Code 2: A Photo Report From Copenhagen’s New International Art Fair

Lizete Riņķe


Founded in 2016, Code Art Fair in Copenhagen is yet another addition to the continuously growing number of art fairs around the world. Things are changing rapidly these days in this realm – some art fairs have lost their former glory while others regain it, and new ones are being born all the time. Code was founded as a kind of replacement for Art Copenhagen, which had existed for almost two decades but had begun to experience a certain fatigue over the past few years. The definite deathblow for it happened when a handful of the leading galleries in Copenhagen decided to leave Art Copenhagen and establish Chart Art Fair in 2013. While Chart exclusively features galleries from the Nordic region, the ambition of Code is to create an international alternative. Both art fairs take place simultaneously during and as a part of Cph Art Week, which this year ran from August 24 to September 3. Whereas Chart is located in the magnificent baroque Charlottenborg Palace of Kunsthal Charlottenborg in the heart of the city, Code is situated a short metro ride outside of the city centre, under the futuristic glass and steel roof construction of the enormous conference- and exhibition centre Bella Center. Although it may sound as yet another anonymous art fair venue, in reality the space works rather well with natural light pouring in through the glass. Tall green trees have been planted inside the hall and reach all the way up to the roof, causing the building to resemble a huge greenhouse.

Code Art Fair

75 galleries from around the world participated in Code 2 – the second edition of the fair, which is almost twice as many as in the first edition, in which only 48 galleries were represented. The majority of the galleries were from Europe, however, London and Berlin seemed to be particularly overrepresented – with ten galleries from Berlin and ten from London – which is a lot compared to only 13 from Denmark. Nevertheless, the London galleries were undeniably the ones with the best presentations at the fair by far. Galleries from Amsterdam, Vienna, Paris, New York, Chicago, Mexico City, Istanbul, and Dubai also participated, and Eastern Europe was represented with a couple of galleries – Osnova from Moscow and Rodríguez from Poznan, as well as a single gallery from the Baltic countries: Vartai from Vilnius; the latter had one of the strongest presentations with work by the Lithuanian- and France-based artist couple of Svajoné and Paulius Stanikas. Among the other galleries represented this year were major prestigious players such as Perrotin (Paris/New York/Hong Kong/Seoul/Tokyo) and König (Berlin). However, these were not the ones that really caught the eye with their booth presentations, despite the fact that the participation of such galleries might seem like a scoop for such a young art fair as Code. There is no doubt that, in terms of raising the artistic quality of the fair, it was some of the younger and innovative but already internationally recognised galleries, such as Galerie Steinek (Vienna), Alexander Levy (Berlin), Pilar Corrias (London), and Arcadia Missa (London), that really stood out. Once again, this proved that the more established galleries tend to show lots of works by different artists in their booths, while smaller and lesser-known galleries often present ambitious, specially curated or solo presentations.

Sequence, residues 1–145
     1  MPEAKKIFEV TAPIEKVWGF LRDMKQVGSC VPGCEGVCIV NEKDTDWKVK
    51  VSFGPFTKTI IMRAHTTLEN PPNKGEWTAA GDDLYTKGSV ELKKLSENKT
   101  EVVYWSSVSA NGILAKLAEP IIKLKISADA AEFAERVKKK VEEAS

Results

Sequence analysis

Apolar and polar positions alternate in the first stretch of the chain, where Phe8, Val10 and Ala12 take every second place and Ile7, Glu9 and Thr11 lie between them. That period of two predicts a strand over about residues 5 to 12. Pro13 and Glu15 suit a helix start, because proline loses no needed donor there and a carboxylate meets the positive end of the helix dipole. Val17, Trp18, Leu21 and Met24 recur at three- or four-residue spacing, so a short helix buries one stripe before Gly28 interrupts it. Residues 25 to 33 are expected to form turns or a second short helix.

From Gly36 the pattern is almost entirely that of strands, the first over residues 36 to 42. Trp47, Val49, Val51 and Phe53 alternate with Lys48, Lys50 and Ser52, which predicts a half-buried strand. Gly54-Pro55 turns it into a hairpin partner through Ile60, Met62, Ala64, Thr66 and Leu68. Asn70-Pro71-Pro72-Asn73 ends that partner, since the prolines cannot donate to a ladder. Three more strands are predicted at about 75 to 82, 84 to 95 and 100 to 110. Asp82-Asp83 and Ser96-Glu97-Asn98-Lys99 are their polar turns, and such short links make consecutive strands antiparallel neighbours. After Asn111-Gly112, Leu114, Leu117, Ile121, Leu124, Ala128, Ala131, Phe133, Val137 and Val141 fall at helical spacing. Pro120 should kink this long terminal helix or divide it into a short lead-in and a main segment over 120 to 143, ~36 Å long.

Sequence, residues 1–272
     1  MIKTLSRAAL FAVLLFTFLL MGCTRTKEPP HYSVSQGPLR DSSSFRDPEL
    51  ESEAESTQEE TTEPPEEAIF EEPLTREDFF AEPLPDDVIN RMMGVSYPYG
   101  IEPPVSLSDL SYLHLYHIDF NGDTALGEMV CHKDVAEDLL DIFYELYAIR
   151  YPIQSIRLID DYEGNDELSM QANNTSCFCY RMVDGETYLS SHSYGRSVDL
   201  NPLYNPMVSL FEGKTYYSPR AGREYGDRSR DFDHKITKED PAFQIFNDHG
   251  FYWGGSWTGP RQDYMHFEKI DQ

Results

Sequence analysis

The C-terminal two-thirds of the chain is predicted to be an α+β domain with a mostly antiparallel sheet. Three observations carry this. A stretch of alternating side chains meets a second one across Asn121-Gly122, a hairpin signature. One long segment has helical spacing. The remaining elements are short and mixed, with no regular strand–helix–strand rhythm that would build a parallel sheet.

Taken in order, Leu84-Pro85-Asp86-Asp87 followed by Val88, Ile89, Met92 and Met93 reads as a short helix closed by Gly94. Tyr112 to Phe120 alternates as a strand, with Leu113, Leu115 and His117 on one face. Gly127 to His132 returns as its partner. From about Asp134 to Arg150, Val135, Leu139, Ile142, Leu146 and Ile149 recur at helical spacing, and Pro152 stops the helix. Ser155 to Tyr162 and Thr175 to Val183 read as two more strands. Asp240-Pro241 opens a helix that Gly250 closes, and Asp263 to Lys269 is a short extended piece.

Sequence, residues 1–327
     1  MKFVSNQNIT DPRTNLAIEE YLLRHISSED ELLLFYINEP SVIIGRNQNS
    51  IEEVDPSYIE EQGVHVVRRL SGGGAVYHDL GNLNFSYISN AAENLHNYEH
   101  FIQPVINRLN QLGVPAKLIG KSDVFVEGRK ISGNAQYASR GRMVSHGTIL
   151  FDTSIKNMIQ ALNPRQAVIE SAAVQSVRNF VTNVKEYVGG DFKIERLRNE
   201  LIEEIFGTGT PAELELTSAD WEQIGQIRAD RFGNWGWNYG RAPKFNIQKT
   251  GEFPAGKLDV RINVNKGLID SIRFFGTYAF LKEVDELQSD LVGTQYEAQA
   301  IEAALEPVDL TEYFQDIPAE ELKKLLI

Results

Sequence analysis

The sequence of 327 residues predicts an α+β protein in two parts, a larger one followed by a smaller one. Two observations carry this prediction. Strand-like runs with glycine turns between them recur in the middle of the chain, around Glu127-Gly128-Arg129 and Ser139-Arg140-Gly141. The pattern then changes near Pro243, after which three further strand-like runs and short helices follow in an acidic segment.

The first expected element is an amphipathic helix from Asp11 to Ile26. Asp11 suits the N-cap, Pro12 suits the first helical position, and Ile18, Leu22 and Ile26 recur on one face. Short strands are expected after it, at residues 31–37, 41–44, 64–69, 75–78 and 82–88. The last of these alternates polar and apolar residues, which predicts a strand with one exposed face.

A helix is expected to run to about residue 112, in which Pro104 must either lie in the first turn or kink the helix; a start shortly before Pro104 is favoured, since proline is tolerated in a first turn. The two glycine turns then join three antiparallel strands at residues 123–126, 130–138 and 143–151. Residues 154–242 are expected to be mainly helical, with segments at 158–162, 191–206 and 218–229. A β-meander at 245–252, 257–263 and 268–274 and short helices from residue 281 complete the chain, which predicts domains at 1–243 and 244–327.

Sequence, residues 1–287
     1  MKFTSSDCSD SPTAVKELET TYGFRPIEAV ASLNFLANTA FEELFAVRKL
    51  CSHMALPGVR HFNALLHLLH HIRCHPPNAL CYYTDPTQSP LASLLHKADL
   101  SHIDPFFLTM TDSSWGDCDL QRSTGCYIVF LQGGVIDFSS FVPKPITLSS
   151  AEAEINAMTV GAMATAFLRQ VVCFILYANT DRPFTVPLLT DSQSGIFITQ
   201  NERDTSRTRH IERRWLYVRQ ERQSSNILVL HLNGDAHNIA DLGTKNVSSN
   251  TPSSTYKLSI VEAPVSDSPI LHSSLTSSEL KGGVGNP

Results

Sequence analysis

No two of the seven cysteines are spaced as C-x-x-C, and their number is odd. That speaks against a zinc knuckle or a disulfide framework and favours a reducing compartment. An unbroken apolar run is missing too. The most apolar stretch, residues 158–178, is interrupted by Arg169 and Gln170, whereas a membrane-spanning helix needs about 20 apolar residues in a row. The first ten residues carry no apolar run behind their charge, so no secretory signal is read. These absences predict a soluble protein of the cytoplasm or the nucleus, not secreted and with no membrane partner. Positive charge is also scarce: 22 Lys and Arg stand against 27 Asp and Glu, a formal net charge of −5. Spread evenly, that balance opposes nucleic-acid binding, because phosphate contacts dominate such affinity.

Svajoné and Paulius Stanikas at Vartai (Vilnius)